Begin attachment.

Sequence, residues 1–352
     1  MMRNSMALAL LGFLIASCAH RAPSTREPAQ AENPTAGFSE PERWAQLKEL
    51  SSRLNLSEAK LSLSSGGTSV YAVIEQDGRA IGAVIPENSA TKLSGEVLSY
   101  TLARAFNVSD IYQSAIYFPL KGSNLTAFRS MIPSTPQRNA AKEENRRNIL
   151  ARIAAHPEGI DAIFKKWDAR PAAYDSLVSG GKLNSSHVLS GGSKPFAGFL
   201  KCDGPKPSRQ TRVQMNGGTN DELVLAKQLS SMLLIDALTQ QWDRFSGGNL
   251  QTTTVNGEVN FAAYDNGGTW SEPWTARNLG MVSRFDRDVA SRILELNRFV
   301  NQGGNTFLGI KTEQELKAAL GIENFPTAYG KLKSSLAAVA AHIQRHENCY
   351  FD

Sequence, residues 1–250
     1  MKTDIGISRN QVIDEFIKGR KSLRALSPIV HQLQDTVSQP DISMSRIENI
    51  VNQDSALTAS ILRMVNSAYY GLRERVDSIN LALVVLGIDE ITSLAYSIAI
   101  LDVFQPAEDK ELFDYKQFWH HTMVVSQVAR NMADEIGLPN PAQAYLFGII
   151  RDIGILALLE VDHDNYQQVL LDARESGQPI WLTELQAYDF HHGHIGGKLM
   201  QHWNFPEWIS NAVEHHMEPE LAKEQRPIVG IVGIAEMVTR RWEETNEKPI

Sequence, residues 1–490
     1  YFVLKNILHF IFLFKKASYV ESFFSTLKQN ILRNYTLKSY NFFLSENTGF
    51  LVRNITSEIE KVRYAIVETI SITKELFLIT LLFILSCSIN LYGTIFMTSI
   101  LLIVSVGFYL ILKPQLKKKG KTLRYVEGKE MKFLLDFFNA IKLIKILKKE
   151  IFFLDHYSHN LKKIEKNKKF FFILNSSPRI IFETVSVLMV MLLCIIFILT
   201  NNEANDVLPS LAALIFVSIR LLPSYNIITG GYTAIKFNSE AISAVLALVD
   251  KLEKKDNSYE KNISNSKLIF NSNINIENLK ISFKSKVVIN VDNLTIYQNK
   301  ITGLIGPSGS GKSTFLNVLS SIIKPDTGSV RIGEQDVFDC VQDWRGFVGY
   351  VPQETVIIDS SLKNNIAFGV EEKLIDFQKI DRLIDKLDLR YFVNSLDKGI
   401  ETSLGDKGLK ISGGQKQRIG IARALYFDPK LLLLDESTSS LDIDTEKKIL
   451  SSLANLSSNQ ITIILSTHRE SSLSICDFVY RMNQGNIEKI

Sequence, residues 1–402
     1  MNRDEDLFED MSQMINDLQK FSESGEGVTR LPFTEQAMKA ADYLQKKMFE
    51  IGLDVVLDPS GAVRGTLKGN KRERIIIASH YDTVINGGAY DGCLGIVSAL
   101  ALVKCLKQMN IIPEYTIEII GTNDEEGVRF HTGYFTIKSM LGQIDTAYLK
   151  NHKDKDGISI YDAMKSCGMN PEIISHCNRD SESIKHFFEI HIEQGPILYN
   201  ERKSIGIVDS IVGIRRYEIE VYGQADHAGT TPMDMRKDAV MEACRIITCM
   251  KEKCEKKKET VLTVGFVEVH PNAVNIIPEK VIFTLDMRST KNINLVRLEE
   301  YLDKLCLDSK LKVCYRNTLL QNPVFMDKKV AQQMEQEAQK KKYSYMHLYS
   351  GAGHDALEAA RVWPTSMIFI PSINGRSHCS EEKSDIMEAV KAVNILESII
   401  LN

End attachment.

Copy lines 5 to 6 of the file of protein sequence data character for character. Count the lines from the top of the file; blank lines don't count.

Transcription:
   151  ARIAAHPEGI DAIFKKWDAR PAAYDSLVSG GKLNSSHVLS GGSKPFAGFL
   201  KCDGPKPSRQ TRVQMNGGTN DELVLAKQLS SMLLIDALTQ QWDRFSGGNL